Monday, 1 September 2014


You hear it all the time.

That’s fair /that’s not fair.

Life’s fair / life’s not fair / life’s good, but not fair at all.

So WTF does “fairness” actually mean, why is there so much confusion about it, and why is there so much politics that takes advantage of this confusion?

Philosopher Stephen Hicks analyses fairness, politics, ethics … and tennis.

Fairness is a key concept of ethics but if you ask three philosophers what it means, you will get four different answers. Many of our ongoing public policy debates turn on competing conceptions of what is and is not fair.

  • Insider trading: If the seller of a stock knows something the buyer doesn’t and couldn’t know, does that make the trade unfair?
  • Telecommunications and the “Fairness Doctrine”: If a radio station criticises a public figure, in the name of fairness should government regulators require the station to give airtime for the public figure’s response?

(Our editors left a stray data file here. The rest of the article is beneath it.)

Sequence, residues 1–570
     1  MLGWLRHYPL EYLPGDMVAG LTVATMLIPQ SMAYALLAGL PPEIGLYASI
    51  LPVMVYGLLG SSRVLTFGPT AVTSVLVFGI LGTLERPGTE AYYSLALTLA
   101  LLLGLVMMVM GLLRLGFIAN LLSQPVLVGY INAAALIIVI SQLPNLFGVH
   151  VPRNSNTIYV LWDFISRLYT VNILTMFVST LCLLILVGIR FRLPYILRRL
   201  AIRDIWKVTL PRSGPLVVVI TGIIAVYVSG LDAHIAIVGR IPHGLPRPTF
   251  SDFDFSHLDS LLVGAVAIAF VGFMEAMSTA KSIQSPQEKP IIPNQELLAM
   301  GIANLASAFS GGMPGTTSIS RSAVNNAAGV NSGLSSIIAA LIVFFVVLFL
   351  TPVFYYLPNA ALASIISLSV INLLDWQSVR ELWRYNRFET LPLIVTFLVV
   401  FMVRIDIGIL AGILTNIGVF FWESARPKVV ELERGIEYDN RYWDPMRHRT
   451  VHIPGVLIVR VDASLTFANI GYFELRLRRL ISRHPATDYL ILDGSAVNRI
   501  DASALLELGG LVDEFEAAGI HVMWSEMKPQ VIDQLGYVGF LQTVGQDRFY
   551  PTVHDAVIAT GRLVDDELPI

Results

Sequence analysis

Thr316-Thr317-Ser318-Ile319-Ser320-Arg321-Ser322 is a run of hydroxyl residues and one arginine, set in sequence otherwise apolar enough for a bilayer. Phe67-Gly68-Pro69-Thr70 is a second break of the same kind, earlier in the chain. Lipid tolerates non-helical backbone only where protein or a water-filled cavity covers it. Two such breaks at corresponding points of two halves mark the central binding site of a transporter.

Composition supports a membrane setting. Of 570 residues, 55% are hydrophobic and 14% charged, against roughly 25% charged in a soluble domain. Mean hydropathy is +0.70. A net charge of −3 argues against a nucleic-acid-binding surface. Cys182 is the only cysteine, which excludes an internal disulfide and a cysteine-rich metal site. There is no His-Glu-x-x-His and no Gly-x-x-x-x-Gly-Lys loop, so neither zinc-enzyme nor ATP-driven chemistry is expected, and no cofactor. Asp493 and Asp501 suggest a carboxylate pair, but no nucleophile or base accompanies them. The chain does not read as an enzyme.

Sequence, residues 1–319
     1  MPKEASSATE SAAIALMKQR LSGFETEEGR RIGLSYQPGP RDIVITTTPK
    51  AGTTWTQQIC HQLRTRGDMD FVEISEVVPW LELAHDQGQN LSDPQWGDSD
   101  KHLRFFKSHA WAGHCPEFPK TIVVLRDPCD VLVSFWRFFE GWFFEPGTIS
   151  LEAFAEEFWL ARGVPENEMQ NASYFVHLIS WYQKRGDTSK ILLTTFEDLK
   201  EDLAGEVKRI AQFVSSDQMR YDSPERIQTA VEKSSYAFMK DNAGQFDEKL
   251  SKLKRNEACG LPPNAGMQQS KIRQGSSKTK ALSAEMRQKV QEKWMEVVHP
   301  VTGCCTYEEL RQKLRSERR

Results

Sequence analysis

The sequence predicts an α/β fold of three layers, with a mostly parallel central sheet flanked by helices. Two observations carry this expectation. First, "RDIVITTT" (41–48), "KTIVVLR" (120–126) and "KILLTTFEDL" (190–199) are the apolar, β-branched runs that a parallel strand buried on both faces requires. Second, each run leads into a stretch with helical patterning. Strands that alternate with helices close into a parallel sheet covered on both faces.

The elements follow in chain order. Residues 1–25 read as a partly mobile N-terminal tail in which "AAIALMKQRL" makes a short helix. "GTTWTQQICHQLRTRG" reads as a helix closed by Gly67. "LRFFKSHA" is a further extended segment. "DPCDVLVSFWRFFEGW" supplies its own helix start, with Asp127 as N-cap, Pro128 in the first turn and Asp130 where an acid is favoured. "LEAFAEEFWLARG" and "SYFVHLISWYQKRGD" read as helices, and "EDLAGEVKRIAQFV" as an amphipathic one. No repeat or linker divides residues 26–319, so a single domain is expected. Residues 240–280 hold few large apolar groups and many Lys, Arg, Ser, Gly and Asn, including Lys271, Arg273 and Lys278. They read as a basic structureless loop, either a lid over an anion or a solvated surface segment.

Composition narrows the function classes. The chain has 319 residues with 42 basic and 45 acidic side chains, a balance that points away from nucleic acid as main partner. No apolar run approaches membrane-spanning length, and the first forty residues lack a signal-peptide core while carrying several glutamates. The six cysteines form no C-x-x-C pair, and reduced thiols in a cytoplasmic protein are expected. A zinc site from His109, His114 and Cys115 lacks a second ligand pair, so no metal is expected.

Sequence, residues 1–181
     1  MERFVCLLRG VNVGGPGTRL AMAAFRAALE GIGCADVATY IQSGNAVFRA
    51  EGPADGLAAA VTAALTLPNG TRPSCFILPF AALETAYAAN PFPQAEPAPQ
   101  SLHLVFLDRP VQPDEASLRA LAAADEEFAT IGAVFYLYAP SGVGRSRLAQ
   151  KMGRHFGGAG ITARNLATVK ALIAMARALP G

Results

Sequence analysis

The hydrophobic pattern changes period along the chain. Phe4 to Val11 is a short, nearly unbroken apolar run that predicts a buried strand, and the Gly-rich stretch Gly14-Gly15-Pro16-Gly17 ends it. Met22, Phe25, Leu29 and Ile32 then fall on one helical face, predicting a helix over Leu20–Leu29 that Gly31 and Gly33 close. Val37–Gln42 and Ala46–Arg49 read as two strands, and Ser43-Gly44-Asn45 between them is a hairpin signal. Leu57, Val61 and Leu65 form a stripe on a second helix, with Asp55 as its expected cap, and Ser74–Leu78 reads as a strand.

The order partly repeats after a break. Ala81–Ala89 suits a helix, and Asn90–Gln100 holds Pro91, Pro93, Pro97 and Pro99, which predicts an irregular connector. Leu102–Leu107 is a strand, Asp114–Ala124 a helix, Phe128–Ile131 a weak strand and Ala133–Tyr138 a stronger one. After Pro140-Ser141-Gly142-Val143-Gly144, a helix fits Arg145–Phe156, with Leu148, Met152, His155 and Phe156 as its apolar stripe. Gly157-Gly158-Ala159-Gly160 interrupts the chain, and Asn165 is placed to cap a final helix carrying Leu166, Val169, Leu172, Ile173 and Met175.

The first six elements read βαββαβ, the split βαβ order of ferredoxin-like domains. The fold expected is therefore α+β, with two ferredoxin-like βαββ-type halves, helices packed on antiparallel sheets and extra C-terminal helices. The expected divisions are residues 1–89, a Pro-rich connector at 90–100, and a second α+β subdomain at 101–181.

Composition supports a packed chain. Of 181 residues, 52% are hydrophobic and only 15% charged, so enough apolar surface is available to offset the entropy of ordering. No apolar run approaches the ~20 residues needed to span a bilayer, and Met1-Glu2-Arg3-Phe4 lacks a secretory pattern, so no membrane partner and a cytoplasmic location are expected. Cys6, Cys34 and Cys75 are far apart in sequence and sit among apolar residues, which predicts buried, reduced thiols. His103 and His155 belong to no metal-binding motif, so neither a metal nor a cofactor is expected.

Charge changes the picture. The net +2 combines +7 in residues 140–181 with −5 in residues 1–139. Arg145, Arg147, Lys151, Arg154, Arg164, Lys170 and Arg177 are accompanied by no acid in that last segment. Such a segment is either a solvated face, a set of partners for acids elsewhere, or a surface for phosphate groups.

• Campaign finance: If one political candidate raises significantly more funds than her competitor, will the election be fair?

But let’s use [a] tennis match to show how often we appeal to two very different standards in answering questions of fairness….

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